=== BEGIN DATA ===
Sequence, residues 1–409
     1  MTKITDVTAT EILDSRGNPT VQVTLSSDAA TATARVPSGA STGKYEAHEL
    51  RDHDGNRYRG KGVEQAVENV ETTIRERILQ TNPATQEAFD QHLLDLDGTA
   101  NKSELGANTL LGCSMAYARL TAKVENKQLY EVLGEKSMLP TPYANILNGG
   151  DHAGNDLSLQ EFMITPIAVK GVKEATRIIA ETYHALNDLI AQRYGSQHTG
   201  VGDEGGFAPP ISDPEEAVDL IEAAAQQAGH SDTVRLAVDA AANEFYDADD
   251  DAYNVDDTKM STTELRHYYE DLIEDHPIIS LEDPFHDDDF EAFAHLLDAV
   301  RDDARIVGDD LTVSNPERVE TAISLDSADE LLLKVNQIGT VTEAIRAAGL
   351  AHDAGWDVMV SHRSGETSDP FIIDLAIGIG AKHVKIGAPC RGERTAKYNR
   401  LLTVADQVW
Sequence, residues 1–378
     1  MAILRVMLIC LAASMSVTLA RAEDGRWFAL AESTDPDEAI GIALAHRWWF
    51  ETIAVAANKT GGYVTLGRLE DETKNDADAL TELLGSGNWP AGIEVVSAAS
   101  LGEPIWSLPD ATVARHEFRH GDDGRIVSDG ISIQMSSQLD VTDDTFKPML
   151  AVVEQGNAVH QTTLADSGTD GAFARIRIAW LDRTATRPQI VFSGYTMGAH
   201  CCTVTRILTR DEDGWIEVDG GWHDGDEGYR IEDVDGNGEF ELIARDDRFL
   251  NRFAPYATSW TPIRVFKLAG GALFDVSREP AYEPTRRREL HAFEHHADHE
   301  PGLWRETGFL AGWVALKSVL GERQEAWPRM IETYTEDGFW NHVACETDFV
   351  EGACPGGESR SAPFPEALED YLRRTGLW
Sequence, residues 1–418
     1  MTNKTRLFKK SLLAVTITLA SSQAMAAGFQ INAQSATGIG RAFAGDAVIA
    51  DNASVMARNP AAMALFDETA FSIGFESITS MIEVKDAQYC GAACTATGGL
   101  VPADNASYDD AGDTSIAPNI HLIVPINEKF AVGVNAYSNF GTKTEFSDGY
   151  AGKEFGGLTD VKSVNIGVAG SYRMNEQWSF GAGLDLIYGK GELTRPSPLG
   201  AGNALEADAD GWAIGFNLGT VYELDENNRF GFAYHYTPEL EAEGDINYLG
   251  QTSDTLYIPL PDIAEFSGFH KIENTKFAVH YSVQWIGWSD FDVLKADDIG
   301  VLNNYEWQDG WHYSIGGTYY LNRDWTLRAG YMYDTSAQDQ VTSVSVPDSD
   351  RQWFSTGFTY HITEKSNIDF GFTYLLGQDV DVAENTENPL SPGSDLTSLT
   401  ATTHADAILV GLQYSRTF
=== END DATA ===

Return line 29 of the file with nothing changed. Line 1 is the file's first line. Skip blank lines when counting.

   401  ATTHADAILV GLQYSRTF